Want it by Wednesday, October 24
Order now and choose Expedited Shipping during checkout.
Same Day shipping in Manhattan. See Details
After Betty Grable, but before there was Marilyn, America’s penchant for popcorn blondes focused on LANA, the "ultimate movie star." She had it all: Looks to die for, money to burn, the romantic adulation of the world, and lovers who included the world’s most desirable men. In her 1937 film, They Won’t Forget, a 16-year-old Lana, without wearing a brassière, walked down the street with her boobs bouncing. Censors protested, but when it was shown, America cheered and nicknamed her “The Sweater Girl.” From there, Lana competed with Betty Grable and Rita Hayworth as the pre-eminent pinup girl (“so many men, so little time”) of World War II. Horny GIs referred to her as “the Girl We’d Like to Find in Every Port.” From the start, her private life was marked with scandal: She aborted Mickey Rooney’s baby; seduced a young John F. Kennedy; and fell for Frank Sinatra, who later caught her in bed with another love goddess, Ava Gardner. In the early 1940s, after a nationwide campaign promoting the sale of War Bonds, Carole Lombard frantically boarded a small plane headed back to Hollywood, suffering a fiery death when it crashed within 13 minutes of takeoff. The risk she took during that thunderstorm was motivated, it was said, by her obsession with rescuing her husband, Clark Gable, from the amorous clutches of Lana Turner. Tyrone Powertall, dark, photogenic, and famouseventually evolved into the greatest love of her life until the Aviator, Howard Hughes, arguably the most psychotic billionaire in the history of Hollywood, flew in to seduce both of them. Lana (aka “The Ziegfeld Girl”) didn’t hear The Postman Always Rings Twice because she was in bed with John Garfield. Later, in search of love, she spent a Weekend at the Waldorf before moving to Green Dolphin Street and later to the notorious Peyton Place, she found it during an experiment with an Imitation of Life. Gable took her to a Honky Tonk and vowed, “Somewhere I’ll Find You,” before their Homecoming reunion. With Ray Milland, she found A Life of Her Own before dancing to The Merry Widow waltz with sexy Fernando Lamas. Many notoriously hot menmany of them her filmmaking co-starslay in her future: Richard Burton, Sean Connery, and Errol “in like Flynn.” Samson (Victor Mature) was said to be “Lana’s Biggest Thrill.” Lana rescued Peter Lawford from Elizabeth Taylor; Ricky Ricardo from Lucy; and, when not singing amore with Dean Martin, Kirk Douglas learned that she was Bad and Beautiful both on and off the screen. "The bombshell" once said, “I wanted one husband and seven babies, but I got the reverseseven husbands and an only child!” She married Tarzan (Lex Barker) after his designation as “The Sexiest Man in the World,” but the union ended when she caught him seducing her teenaged daughter. Opinions about Lana were as varied as her changing looks. “She was amoral,” said MGM’s CEO, Louis B. Mayer. Robert Taylor commented: “She was the type of woman a guy would risk five years in jail for rape.” Gloria Swanson sniffed, “She wasn’t even an actress…only a trollop.” And Ronald Reagan--a man who later became U.S. president--asked, “In what cathouse did she learn those tricks?” And then there was that embarrassing murder: Did Lana fatally stab her gangster lover, Johnny Stompanato, known for his links to the Mob? Or was the heinous act committed by her daughter, a traumatized teenager who, after time in reform school, officially outed herself as a lesbian? How did these whirlwinds of scandal affect the gal who had it all? According to Lana, “I’d like to think that in some small way, I’ve helped to preserve the glamour and beauty and mystery of the movie industry.”Never before has there been, until now, a definitive, uncensored, and comprehensive biography of "the Ultimate Movie Star," LANA TURNER. Until now.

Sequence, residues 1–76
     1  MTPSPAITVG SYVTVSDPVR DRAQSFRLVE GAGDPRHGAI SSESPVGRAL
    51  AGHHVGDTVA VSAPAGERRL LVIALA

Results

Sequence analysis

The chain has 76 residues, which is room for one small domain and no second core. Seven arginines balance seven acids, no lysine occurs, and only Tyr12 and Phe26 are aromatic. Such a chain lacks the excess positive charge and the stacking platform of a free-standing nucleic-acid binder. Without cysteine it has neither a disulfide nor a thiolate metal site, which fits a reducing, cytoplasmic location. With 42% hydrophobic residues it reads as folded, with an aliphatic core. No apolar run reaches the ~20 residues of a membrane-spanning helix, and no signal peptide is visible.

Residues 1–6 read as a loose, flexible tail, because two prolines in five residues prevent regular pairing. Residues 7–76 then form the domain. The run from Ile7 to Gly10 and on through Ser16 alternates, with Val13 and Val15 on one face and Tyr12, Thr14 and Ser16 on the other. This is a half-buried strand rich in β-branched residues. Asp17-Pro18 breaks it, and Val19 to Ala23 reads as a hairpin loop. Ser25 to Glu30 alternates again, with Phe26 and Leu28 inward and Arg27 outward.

About the Author
Most Helpful Customer Reviews
Lana Turner: Hearts and Diamonds Take All belongs on the shelves of any collection strong in movie star biographies in general and Hollywood evolution in particular, and represents no lightweight production, appearing on the 20th anniversary of Lana Turner's death to provide a weighty survey packed with new information about her life. One would think that just about everything to be known about The Sweater Girl would have already appeared in print, but it should be noted that Lana Turner: Hearts and Diamonds Take All offers many new revelations not just about Turner, but about the movie industry in the aftermath of World War II. From Lana's introduction of a new brand of covert sexuality in women's movies to her scandalous romances among the stars, her extreme promiscuity, her search for love, and her notorious flings - even her involvement in murder - are all probed in a revealing account of glamour and movie industry relationships that bring Turner and her times to life. Some of the greatest scandals in Hollywood history are intricately detailed on these pages, making this much more than another survey of her life and times, and a 'must have' pick for any collection strong in Hollywood history in general, gossip and scandals and the real stories behind them, and Lana Turner's tumultuous career, in particular.